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TREES & plants

American hazelnut

Leaves of American hazelnut.

American hazelnut is a thicket-forming native shrub, excellent for naturalizing, woodland gardens and shade areas.  Showy male flowers (catkins) add early spring interest,  dark green leaves turn a beautiful kaleidoscope of colors in the fall. The nuts mature from September to October, attracting seed-eating birds, such as blue jays and woodpeckers.

"This species is native to the Chicago Region according to Swink and Wilhelm's Plants of the Chicago Region, with updates made according to current research."   

 

 

Botanical name: 
Corylus americana
All Common Names: 
American hazelnut, American Filbert, American hazel
Family (English): 
Birch
Family (Botanic): 
Betulaceae
Tree or Plant Type: 
  • Shrub
Native Locale: 
  • Chicago area
  • Illinois
  • North America
Landscape Uses: 
  • Massing
  • Screen
Size Range: 
  • Large shrub (more than 8 feet)
  • Medium shrub (5-8 feet)
Light Exposure: 
  • Full sun (6 hrs direct light daily)
  • Partial sun/shade (4-6 hrs light daily)
Hardiness Zones: 
  • Zone 4
  • Zone 5
  • Zone 6
  • Zone 7
Soil Preference: 
  • Moist, well-drained soil
Foliage: 
  • Deciduous (seasonally loses leaves)
Season of Interest: 
  • Early spring
  • Late summer
  • Early fall
Flower Color & Fragrance: 
  • Yellow
Shape or Form:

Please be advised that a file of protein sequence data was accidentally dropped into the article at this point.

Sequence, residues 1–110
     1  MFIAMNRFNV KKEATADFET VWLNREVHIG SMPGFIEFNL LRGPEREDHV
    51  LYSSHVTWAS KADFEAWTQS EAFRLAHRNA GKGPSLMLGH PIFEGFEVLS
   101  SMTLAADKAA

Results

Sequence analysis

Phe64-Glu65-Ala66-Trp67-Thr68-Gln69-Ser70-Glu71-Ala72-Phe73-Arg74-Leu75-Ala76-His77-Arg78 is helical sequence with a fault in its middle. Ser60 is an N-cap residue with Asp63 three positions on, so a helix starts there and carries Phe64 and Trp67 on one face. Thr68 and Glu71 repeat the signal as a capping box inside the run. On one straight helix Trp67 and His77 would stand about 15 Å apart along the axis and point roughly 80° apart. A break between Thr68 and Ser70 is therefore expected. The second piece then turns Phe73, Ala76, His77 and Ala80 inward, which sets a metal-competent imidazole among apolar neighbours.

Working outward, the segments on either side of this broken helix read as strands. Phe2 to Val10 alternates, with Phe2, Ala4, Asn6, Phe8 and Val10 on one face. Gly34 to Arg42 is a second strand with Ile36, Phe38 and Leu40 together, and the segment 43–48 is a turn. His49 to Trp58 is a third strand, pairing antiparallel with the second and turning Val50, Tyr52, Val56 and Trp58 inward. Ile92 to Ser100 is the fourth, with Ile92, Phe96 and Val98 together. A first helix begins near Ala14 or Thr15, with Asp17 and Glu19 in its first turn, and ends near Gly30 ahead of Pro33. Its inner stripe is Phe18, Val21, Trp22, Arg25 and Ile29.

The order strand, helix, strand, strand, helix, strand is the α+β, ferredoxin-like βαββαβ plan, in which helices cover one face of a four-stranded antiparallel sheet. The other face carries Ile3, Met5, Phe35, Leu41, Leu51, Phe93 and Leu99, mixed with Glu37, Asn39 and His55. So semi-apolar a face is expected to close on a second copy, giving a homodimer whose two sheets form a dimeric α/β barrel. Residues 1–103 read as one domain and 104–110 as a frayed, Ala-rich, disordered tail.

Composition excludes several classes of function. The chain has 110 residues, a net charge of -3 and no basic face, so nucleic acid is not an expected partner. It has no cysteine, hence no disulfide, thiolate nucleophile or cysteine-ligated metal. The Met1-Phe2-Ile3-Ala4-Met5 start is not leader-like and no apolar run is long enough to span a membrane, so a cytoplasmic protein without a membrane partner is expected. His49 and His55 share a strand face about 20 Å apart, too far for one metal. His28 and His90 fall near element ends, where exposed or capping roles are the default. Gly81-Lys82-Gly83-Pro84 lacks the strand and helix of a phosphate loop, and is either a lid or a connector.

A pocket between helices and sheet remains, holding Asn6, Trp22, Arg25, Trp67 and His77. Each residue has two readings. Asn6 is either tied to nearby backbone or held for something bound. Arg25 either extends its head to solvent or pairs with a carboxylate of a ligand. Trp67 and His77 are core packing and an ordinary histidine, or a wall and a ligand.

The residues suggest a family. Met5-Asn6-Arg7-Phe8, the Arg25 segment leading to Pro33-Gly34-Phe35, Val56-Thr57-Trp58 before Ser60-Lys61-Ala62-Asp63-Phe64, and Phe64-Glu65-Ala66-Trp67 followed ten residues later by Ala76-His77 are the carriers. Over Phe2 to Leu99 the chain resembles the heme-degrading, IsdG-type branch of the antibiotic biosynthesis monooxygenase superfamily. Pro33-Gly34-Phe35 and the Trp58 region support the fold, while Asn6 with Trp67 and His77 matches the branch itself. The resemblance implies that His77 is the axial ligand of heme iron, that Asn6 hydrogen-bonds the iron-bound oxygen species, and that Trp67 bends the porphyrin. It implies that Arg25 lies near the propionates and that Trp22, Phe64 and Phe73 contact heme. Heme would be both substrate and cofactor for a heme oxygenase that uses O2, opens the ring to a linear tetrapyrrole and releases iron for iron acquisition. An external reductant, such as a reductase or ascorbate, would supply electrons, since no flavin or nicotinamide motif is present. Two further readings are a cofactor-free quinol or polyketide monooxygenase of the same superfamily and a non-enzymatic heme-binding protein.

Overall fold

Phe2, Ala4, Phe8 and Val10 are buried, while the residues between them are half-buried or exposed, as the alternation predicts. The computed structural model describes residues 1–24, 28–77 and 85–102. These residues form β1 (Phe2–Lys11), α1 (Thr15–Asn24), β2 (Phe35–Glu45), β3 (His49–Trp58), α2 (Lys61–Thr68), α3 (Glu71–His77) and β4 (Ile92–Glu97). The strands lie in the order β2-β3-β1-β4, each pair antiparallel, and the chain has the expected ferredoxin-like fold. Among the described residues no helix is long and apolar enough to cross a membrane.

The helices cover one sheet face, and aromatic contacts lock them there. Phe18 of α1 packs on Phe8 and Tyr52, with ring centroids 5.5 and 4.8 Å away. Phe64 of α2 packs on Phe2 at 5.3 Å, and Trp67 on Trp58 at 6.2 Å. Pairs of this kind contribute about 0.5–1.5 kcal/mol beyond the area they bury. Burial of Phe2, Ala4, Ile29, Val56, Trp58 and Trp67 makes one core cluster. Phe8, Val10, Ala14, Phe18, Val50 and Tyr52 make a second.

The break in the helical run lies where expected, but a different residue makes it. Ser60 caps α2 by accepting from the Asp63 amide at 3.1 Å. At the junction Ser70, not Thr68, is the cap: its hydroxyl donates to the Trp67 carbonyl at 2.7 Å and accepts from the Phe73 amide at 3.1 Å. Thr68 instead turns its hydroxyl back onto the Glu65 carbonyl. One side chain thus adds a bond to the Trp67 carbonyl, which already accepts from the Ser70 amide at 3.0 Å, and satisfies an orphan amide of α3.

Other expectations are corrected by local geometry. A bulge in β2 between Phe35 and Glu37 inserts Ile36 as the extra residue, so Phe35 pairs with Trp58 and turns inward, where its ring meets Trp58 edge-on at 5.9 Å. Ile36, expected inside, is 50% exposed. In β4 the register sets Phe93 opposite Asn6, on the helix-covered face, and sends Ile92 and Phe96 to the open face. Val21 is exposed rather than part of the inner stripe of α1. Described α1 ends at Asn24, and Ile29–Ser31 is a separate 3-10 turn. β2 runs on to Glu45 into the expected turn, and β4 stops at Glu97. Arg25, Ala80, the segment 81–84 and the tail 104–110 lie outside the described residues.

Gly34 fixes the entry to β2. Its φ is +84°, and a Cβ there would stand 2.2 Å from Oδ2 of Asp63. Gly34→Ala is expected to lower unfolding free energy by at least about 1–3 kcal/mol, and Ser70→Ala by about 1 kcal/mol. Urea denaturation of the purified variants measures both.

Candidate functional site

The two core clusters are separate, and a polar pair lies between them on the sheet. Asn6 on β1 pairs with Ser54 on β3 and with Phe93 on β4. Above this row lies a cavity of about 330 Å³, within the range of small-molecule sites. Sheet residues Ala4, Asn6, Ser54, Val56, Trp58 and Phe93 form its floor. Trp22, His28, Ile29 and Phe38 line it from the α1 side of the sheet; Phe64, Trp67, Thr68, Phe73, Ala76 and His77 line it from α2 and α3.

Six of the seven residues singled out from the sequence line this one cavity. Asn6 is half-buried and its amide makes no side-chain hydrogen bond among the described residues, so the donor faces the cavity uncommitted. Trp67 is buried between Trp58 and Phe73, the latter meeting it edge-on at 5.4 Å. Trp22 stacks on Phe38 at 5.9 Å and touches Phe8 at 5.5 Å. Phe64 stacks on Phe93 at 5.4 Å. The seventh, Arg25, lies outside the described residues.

• Multi-stemmed
  • Round
  • Spreading
  • Thicket-forming
Growth Rate: 
  • Moderate
  • Fast
More Information: 

Size and Form

 A thicket forming, multi-stemmed shrub with a rounded habit, 6 to 10 feet high and 4 to 6 feet wide.

Tree & Plant Care

Adaptable to wide variety of habitats, best in full sun, tolerant of part shade.
Tolerant of a wide  range of soil pH in well-drained, loamy soil
Prune unwanted suckers to maintain size and shape.
Long-lived.

Disease, pests and problems

Japanese beetles, scale insects, filbert blight

Native geographic location and habitat

C-Value: 5
Found as understory plant and wood edges in eastern North America and Canada.

Attracts birds & butterflies

Attracts seed eaters, such as blue jays and woodpeckers.

Leaf or needle arrangement, size, shape, and texture

Simple, alternate leaves; ovate to heart-shaped with a toothed margin.
Green in summer with some mild yellow fall color.

Flower arrangement, shape, and size

Showy, yellow male flowers in pendulous catkins; tiny pink females at the end of branches.

Fruit, cone, nut, and seed descriptions

Edible hazelnuts (filberts)  enclosed in a frilly husk; mature from September to October.